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Here also is solace for me. For all of my life, ever since I was a small child, I have loved tales of witches in their homes – herbs hanging from the rafters, pots and pans and jars and bottles littering every surface. Hoary tomes in jewel coloured bindings crammed onto overstuffed bookshelves. Candles and arcane words and spider webs in the corners. Here, now, I have created safe space for me and mine, a sanctuary at the end of the long day, a haven of calm and potent mystery that sustains me and allows me to care so much, so very deeply for every person who comes to me for help and support. Without this space, these oddities, these odds and ends and peculiarities littering every surface, I would not be able to give as I do. Above my head hangs twine hanging rails full of herbs – at the moment Herb Robert and Cranesbill, but later on in the season there will be Meadowsweet, Mint, Hyssop, Rosemary and many others. Baskets of flowers will gradually accumulate on the surfaces over the coming months – Daisies and Calendulas, Elder and St John’s Wort. Bottles of colourful oils will fill the cupboards, and pots and jars of salves and balms will stack the shelves. All tools of my medicine, my healing, both for me and for others. All made possible by this mythic home of mine.

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Some folk may say I am living in a fairy tale. Perhaps I am. But it is a fairy tale of my own making, that I dwell in fully and joyfully, hands in the mud, heart soaring above the tree tops. You are always welcome to join me here!

Typically enough, life has rather run away with me again here in Lincolnshire, with large amounts of time being taken up with planting up my new herb garden (yippee!) and with planning for the Hatfield House Living Crafts event, next week.  I have, however, found the time to come up with a few new recipes,  one of which I tried out with some lovely students this week.  The result was so tasty I thought I’d share it with the rest of you – its basically a pesto recipe with a few foraged ingredients added instead of the basil.  The idea for the recipe came from the lovely Kay from Kay and Pete’s Preserves, who I ran into on the market circuit a few years ago.  The original recipe she gave me has long since gone the way of most random paperwork in my house, so this is my version of it instead.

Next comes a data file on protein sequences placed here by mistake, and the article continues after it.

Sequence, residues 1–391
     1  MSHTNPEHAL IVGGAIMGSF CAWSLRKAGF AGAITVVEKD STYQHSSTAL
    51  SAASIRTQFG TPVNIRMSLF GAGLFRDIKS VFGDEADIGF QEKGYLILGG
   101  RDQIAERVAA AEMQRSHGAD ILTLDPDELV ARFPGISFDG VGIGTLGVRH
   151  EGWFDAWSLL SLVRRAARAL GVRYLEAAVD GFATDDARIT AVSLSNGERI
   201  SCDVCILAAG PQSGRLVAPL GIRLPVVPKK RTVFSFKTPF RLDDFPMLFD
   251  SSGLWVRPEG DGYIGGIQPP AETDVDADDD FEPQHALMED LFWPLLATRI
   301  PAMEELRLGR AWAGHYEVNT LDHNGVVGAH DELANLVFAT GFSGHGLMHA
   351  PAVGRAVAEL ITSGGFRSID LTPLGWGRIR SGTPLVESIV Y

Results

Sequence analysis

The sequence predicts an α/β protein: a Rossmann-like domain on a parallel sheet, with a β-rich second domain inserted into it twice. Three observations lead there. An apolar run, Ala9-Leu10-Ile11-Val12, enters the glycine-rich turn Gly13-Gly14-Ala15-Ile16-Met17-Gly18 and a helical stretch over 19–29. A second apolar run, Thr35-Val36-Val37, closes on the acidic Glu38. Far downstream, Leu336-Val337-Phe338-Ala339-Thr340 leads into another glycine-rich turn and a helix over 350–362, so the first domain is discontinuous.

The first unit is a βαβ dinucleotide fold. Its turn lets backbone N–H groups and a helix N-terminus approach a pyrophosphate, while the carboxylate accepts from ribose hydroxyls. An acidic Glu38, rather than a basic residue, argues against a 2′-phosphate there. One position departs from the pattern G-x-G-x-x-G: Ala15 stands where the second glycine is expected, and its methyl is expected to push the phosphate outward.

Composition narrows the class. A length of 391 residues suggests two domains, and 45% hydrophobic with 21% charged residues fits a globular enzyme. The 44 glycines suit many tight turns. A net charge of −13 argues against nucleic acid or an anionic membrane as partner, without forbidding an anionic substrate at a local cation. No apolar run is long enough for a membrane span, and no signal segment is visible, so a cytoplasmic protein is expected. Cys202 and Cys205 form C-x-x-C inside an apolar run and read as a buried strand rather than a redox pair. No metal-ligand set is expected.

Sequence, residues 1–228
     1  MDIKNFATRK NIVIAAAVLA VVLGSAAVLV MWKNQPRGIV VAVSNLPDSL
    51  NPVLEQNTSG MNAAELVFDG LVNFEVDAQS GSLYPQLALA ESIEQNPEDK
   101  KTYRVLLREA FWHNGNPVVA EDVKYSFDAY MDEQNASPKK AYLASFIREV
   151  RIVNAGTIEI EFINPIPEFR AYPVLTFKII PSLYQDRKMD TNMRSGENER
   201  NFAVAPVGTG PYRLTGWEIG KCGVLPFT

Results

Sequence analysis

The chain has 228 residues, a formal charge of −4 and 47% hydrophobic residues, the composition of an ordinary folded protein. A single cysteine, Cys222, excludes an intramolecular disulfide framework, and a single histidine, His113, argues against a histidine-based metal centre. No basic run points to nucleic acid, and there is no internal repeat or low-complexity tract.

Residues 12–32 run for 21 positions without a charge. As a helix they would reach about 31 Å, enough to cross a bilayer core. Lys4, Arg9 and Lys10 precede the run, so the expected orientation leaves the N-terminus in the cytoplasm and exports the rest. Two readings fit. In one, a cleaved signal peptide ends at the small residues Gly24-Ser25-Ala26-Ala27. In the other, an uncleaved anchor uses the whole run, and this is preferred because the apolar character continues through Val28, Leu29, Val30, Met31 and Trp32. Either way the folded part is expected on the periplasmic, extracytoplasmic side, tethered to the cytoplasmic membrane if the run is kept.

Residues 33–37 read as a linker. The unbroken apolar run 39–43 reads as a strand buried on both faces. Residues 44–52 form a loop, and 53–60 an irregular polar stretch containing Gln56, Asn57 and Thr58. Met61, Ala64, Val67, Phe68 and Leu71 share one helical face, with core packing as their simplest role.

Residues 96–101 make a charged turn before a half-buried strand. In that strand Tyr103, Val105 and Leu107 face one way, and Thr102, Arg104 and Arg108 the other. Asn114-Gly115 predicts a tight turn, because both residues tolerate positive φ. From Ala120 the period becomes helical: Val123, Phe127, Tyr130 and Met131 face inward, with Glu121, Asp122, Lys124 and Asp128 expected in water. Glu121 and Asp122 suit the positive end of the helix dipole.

Jack by the Hedge (Alliaria petiolata) which is just beginning to flower here in the Wolds.

Jack by the Hedge (Alliaria petiolata) which is just beginning to flower here in the Wolds.

Jack by the Hedge & Dandelion Flower Pesto

 

Ingredients:

At least one pint of loosely packed fresh Jack by the Hedge leaves

At least ½ pint dandelion flowers

1 small pot of grated Italian hard cheese

Olive oil

One medium pack of pine nuts

2 large cloves of garlic

 Instructions:

Rinse and pick over the Jack by the Hedge leaves, discarding any with additional seasoning of bird poo or insect residue on.   Pick the dandelion flower petals away from the green parts, then pile them and the leaves into a blender.   Add the pine nuts, peeled garlic cloves and at least half the pack of Italian cheese (or use grated fresh parmesan – I used what I could find in the shops at the time!)   Add a good slosh of olive oil and then put the lid on the blender. Blitz the whole lot on high for three or four one minute bursts – take care not to burn out the motor on the blender.   Taste a little. Add more olive oil and cheese if preferred – we ended up adding the whole pot to really give it that pesto kick.   Blend until it reaches a lovely consistency.

This pesto is delicious on home made bread or stirred in freshly cooked pasta with some pan grilled vegetables – it works particularly well with spelt pasta, cooked tomato, button mushroom and red pepper plus some slices on mozzarella cheese, mixed in and stirred before stirring.   A lovely late spring meal, high in vitamin C!